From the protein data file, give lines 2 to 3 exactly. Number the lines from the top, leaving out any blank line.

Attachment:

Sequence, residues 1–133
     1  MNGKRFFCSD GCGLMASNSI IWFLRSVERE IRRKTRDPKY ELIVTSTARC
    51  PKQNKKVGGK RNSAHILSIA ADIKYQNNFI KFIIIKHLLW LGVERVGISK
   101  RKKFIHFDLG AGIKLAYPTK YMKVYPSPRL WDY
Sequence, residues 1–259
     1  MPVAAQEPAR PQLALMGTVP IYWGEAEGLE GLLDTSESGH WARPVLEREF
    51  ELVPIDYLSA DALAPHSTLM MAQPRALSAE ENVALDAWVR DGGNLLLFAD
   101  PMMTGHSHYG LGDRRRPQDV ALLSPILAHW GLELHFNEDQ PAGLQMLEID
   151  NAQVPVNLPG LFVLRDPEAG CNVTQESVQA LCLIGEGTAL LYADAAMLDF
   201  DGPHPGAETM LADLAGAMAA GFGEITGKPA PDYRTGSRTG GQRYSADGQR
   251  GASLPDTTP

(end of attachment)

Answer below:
     1  MNGKRFFCSD GCGLMASNSI IWFLRSVERE IRRKTRDPKY ELIVTSTARC
    51  PKQNKKVGGK RNSAHILSIA ADIKYQNNFI KFIIIKHLLW LGVERVGISK